Sorry I missed a post yesterday, Gentle Readers – I had a job interview. Not the titular interview, it has to be stated. But it got me thinking about job interviews, and I thought you would all enjoy this old story, from when I was young, and green, and not the ball-busting curmudgeon I am now.
So, it was the summer of my Master’s degree, and I was getting ready to re-enter the big, bad world of work. Finishing off my thesis, and looking for a new, full-time job wasn’t easy, but I was sending in applications here and there. Finally, a friend drew my attention to a salesperson job with a local company.
That description oversimplifies what the job was, but essentially, I’d be travelling around, selling stuff. Well, one stuff. A product. Not a very good product, but there we go.
I wasn’t overly keen, but my friend swore blindly that this company was excellent and reputable, and had started many a local young person on an industrious and profitable career. I perused the job description, decided I could probably have a go at that job (maybe not the best criteria for applying, but I was up to about my fifteenth application…), I sent in a CV and cover letter, as per the advert, and waited. A few days later, I got a call from someone senior in the company, who, for the purposes of this anecdote, we will call Derek.
Derek: Well, I’ve looked at your CV.
D: You’re completely under-qualified for this job.
Me: OK. Thanks for letting me kn….
D: We’d like to interview you though, anyway, because we have another position, a junior associate position, for which we think you might be a good fit.
Me: Well, what does THAT job entail?
D: Office-based support of the sales team. Support of the job advertised. The paperwork side. In the office. No travelling.
Me: OK, well, that sounds interesting.
D: OK, we’ll see you at The Dodgy Hotel on Wednesday at 2.
Me: The Dodgy Hotel? (please note: names changed to protect the guilty…you know the drill)
D: Yep, see you there.
So the big day arrives. I’ve had an email confirming the time and place of my interview, and it really is in the local hotel which is rather dodgy and not exactly known for its ability to generate custom. Think The Bates Motel, but less hospitable.
I start to dress for my interview. There’s a slight problem in that I have no interview clothes, but I managed to pull together something that doesn’t overtly say ‘I’m a penniless student finishing my Master’s programme’. I arrive at the hotel to find it completely deserted. I’m not joking – there’s not a person in sight. The main door bangs against the wall in the breeze – it’s just hanging open – and the reception area is devoid of humanity (and possibly hope). I ding the bell that’s on the reception counter, before a handyman limps out of a dark side corridor. We exchange polite chit-chat, and establish that I am to wait in the empty (scary) reception until the interviewer appears.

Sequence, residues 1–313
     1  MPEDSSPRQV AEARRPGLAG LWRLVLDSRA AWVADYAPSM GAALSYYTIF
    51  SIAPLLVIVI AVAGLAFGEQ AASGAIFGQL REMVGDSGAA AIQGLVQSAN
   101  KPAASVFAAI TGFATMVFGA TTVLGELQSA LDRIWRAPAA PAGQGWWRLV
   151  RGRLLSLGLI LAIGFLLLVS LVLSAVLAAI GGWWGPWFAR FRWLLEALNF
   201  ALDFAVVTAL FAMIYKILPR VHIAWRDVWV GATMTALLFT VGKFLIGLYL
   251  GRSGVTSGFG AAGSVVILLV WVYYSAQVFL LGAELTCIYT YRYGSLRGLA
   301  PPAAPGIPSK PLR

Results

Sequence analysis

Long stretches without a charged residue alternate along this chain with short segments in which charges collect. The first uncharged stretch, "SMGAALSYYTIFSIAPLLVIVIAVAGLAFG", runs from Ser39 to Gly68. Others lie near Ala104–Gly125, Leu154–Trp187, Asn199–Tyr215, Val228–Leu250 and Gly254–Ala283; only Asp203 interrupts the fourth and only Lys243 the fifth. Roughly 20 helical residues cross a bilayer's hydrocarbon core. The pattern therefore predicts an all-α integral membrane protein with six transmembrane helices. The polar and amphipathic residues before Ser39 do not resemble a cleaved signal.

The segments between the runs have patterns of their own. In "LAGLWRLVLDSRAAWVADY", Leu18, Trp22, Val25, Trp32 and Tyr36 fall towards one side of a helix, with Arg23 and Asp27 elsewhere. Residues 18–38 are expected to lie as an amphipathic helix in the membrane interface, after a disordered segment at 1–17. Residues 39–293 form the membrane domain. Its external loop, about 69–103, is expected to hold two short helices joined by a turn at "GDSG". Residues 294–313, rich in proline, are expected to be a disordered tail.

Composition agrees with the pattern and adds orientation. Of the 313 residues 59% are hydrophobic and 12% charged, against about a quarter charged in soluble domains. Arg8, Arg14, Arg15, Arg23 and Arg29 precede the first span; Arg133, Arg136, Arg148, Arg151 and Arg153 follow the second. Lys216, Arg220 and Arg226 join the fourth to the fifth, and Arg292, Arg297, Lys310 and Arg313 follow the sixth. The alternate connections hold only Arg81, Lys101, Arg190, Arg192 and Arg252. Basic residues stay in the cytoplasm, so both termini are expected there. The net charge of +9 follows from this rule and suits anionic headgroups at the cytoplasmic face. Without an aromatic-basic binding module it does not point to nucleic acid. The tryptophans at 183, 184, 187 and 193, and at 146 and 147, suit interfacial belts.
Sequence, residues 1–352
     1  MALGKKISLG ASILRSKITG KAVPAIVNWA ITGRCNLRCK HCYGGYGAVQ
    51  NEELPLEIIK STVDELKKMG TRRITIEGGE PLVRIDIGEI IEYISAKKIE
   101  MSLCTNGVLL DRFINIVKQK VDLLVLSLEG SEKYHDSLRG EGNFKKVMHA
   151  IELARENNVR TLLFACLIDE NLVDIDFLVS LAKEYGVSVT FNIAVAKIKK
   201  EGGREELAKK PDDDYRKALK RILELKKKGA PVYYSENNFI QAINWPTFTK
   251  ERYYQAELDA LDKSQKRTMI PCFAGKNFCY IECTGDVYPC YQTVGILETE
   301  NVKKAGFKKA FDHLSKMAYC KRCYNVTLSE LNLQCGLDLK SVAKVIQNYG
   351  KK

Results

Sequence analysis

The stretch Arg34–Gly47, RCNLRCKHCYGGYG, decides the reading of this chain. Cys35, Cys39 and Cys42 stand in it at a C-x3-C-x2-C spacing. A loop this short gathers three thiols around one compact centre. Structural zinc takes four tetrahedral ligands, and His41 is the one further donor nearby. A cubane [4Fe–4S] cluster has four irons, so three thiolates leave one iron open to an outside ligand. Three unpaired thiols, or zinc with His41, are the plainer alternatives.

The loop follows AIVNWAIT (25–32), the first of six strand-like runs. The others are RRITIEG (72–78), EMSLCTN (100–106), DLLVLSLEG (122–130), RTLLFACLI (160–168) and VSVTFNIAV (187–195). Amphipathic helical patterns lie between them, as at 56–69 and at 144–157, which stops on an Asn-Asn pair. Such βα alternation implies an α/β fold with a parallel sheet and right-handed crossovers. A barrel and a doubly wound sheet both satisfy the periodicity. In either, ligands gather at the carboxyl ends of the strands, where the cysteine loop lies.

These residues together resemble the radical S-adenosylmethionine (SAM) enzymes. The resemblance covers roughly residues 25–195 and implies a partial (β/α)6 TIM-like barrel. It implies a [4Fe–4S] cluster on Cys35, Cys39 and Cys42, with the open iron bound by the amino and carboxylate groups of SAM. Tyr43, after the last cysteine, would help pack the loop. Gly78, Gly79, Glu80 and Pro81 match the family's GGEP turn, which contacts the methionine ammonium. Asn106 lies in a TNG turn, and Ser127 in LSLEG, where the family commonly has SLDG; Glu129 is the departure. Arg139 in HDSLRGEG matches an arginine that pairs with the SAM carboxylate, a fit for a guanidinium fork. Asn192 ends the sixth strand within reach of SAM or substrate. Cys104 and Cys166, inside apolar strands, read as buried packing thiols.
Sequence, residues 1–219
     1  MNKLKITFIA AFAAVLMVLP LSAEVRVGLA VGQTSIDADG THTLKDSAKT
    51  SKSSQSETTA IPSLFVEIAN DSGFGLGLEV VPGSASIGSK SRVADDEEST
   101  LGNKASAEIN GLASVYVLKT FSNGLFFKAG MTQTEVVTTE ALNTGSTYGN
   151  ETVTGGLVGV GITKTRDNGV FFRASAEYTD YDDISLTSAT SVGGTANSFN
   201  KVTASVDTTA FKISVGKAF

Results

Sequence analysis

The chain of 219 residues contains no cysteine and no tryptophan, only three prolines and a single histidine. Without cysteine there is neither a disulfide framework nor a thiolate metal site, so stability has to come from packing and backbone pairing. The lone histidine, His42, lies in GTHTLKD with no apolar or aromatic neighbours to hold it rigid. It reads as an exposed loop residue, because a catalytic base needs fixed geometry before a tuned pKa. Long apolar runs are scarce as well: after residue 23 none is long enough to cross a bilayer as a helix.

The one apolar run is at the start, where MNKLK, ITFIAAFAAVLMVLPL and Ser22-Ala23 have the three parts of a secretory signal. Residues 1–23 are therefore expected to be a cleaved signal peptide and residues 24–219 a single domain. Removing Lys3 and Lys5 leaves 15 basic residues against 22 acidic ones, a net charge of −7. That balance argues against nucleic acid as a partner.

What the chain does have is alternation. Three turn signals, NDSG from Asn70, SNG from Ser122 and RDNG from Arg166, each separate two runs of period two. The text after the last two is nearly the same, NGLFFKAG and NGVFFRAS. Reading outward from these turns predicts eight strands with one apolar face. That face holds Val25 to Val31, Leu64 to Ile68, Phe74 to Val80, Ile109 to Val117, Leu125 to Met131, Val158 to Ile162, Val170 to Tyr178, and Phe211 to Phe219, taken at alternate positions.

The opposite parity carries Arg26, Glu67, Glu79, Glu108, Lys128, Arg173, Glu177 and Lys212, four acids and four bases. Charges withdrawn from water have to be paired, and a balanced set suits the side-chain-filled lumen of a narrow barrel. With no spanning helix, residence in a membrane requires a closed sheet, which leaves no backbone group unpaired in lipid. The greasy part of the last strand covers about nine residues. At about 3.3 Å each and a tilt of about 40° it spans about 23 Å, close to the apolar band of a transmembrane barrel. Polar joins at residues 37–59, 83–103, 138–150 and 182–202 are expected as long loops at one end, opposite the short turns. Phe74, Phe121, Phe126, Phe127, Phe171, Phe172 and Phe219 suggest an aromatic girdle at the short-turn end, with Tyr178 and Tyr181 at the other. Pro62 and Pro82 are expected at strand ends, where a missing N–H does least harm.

The handyman limps back into the darkness.
After several more minutes, a door creaks open and a pudgy, slightly sweaty, pale man stomps into the reception. “Lucy?” he asks. I nod, unsure if I should admit to this person that I am who I am. He holds out a hand. “Derek.” We shake hands and he gestures me into the room where the interviewing is taking place.
Now, for the purposes of this scenario, I’m going to need to break off, and explain exactly what’s happening around me.
The Dodgy Hotel is…yes, dodgy. BUT it’s always been…functional. And we are in the middle of the summer, in an area of the world well-known for its tourist appeal. Everywhere else in the area will be booked solid, so this empty, slightly creepy hotel is worrying me. Hotels, even bad hotels, in my home town aren’t empty in the summer. They’re not even nearly empty. They’re full, or mostly full. So this entirely empty hotel is not a good sign.
Because this hotel is empty, the room Derek and I have just walked into (the BAR – this interview will be taking place in the bar, ladies and gentlemen) is mostly packed up. Bar tables and chairs have been stacked around the edge of the room, the bottles behind the bar are gathering dust, and the room has been rearranged to accommodate two sticky-looking sofas and a coffee table.Everything smells slightly like stale beer. It’s just such a wonderful environment. Did I mentioned that on the patio outside, all the patio tables and chairs have been stacked against the glass sliding doors? So this room is now vaguely like an underground bunker, with no natural light filtering in between the chair legs.